Maryland Today | New research reveals nonprofit volunteers More…
Nonprofits struggling with rising demand, limited resources and reduced staff in the wake of a global pandemic are relying more than ever on volunteer engagement, but those volunteers are now harder to engage, according to a new study released Tuesday published by the University of Maryland.
The first-of-its-kind analysis of the state of volunteerism in the United States emerged from a survey of more than 1,000 nonprofit CEOs and more than 100 donors conducted by the School of Public Policy’s Do Good Institute and funded in part by a new one national collaboration, the Strategic Volunteering Initiative.
The survey found that in 2022, nearly two-thirds (64.4%) of nonprofits reported an increase in demand for their organizational services. Just over half (51.1%) expanded service delivery and 48.5% increased employee workloads to meet demand. At the same time, 28.7% of nonprofit organizations operate with less funding and paid staff than before the pandemic.
“This gap in funding and staffing makes volunteers even more important to many mission-oriented organizations,” said Nathan Dietz, senior researcher at the Do Good Institute and associate research scholar at the school. “Nonprofits are likely to face burnout or service delivery problems if this continues. Many of these organizations provide critical services and support to some of the most vulnerable people in our society, so we should all be concerned about that.”
Nonprofit organizations face the challenge of finding the right volunteer support, as well as the capacity and infrastructure to sustain volunteer engagement. Almost half (46.8%) of CEOs state that recruiting enough volunteers is a major problem for their organizations, especially volunteers who are available during the traditional workday and have the required skills. Many nonprofit organizations reported retaining very few volunteers, and their volunteers performed fewer rather than more specific organizational activities such as service delivery, fundraising, professional support, or advocacy.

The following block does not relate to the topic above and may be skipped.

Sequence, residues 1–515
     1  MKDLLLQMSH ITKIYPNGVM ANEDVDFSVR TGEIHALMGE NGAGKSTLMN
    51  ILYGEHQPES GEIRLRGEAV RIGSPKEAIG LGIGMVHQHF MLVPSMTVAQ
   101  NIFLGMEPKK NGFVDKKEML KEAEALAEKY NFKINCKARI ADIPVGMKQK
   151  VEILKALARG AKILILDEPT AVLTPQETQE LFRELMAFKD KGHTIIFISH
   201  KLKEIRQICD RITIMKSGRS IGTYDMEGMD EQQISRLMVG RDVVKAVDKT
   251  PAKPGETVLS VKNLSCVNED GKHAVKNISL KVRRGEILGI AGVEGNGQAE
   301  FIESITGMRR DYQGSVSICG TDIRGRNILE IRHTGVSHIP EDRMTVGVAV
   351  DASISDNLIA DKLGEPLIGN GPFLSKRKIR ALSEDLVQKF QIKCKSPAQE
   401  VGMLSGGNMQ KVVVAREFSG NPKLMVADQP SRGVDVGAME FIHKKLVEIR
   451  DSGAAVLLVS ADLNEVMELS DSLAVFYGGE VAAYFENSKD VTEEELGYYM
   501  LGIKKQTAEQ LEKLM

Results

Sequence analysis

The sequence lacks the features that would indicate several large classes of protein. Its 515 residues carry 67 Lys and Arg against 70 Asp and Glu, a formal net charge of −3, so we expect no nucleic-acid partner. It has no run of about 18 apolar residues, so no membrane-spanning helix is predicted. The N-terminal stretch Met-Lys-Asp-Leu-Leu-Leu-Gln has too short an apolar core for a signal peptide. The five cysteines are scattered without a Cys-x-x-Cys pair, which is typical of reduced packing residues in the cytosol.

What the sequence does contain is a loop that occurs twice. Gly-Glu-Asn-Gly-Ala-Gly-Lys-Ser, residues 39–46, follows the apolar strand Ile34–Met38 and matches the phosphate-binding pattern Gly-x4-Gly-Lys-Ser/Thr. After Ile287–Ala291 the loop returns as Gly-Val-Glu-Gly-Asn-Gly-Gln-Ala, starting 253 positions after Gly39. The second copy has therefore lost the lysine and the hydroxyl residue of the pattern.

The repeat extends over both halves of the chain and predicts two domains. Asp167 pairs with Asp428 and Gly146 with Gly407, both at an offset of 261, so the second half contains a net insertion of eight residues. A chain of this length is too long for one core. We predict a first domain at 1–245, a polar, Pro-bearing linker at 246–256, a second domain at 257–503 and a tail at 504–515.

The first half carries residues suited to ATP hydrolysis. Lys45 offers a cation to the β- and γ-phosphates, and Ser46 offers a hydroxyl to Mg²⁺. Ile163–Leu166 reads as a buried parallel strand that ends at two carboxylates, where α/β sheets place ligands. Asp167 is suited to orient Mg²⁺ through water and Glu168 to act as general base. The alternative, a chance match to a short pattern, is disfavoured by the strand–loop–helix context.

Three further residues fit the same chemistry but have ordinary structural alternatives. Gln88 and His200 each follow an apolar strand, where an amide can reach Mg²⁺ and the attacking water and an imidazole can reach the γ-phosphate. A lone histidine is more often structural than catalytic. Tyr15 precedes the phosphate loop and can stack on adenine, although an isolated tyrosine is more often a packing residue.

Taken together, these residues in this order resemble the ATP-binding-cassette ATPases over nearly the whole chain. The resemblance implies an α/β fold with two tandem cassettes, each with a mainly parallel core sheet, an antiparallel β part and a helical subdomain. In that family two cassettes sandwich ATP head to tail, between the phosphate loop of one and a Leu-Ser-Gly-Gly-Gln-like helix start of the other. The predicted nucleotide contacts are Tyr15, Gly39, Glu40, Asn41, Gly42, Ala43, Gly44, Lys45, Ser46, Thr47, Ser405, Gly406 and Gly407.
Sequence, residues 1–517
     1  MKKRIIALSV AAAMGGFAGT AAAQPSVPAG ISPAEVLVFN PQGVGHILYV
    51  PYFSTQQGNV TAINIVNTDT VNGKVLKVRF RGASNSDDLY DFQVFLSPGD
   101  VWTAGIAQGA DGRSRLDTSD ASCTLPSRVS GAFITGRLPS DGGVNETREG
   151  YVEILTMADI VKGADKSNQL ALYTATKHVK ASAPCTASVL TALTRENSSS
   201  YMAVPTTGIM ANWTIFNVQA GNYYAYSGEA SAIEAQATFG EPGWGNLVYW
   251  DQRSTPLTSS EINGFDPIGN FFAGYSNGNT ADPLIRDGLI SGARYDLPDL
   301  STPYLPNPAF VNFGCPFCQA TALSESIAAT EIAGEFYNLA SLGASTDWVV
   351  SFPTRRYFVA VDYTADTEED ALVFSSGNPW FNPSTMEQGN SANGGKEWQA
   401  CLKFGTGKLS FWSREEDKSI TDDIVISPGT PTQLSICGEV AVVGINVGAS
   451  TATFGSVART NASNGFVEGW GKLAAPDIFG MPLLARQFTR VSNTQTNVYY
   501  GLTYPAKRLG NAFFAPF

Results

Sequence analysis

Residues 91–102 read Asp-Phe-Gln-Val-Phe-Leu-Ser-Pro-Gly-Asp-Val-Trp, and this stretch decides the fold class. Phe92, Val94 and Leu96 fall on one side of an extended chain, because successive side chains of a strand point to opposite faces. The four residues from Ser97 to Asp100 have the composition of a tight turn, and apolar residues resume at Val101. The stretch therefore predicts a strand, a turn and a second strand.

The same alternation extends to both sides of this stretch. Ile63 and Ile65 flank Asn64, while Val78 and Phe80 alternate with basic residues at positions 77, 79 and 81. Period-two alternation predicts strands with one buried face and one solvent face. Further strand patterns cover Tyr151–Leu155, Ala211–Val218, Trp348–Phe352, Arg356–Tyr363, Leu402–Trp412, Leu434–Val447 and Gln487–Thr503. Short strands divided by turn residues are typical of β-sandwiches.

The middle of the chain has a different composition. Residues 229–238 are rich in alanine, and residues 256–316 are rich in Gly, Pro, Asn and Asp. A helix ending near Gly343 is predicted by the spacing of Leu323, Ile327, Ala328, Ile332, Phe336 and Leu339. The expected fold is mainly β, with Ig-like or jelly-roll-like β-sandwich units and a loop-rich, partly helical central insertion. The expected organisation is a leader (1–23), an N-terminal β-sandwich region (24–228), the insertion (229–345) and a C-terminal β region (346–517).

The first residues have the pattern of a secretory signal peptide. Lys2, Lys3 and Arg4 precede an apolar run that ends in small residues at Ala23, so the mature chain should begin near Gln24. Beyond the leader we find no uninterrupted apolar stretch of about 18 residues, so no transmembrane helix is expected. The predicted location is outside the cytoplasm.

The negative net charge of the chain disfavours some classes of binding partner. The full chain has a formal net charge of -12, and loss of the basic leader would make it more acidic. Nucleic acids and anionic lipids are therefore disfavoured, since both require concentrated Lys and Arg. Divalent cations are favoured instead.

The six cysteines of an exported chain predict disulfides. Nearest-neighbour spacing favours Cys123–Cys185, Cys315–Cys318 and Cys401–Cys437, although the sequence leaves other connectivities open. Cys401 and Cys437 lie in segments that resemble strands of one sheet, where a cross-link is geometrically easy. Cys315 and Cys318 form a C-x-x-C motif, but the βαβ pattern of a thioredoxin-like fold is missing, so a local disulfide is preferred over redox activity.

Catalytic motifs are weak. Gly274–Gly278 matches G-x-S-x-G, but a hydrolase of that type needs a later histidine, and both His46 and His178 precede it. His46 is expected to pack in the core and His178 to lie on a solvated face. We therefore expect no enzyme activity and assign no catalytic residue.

Despite these challenges, nonprofit organizations appear to be more convinced of the benefits of volunteering. For example, the percentage of nonprofit CEOs who feel that “highly” volunteers allow the organization to pay closer attention to the people they serve increased from 37% in 2019 to 65.6% in 2022. And the percentage of nonprofit CEOs who believe “highly” volunteers increase the organization’s return on resource investment from 43% to 68.4% over the same period.
However, there is a disconnect between funders and nonprofits on the value and challenges associated with strategic volunteering. For example, 72.2% of nonprofit executives believed that volunteers significantly improve the quality of the service or program provided, but only 25.2% of funders agreed; and while 65.6% of nonprofit leaders report that volunteers give a lot more attention to the people they serve, only 29.3% of donors agreed.
This lack of shared understanding between funders and nonprofits can be problematic, as funder investment is key to helping nonprofits recruit and engage more volunteers.
“Today, while nonprofit organizations are making more efforts to engage volunteers, they are experiencing a triple hit of greater demand for their services, fewer volunteers, and fewer funders with a track record of supporting volunteerism,” said Robert Grimm, director of the Do Good Institute and the Levenson Family Chair in Philanthropy and Nonprofit Leadership. “These troubling trends must be reversed.”
The Initiative for Strategic Volunteer Engagement is a new effort by funders and nonprofits who believe in the power of volunteers to increase impact. It will provide practical and research-based tools and resources to help nonprofits engage consciously with their volunteer networks and inspire funders to invest further in strategic volunteering.
“We believe in the power of volunteering to advance mission-critical issues and causes, and that is the primary driver for commissioning this research,” said Jeffrey Glebocki and Betsy McFarland, co-directors of the Initiative for Strategic Volunteer Engagement. “This research will be used to spark a national discussion about making greater philanthropic investments in strategic volunteering – and equipping more nonprofit organizations to use strategic volunteering for greater impact.”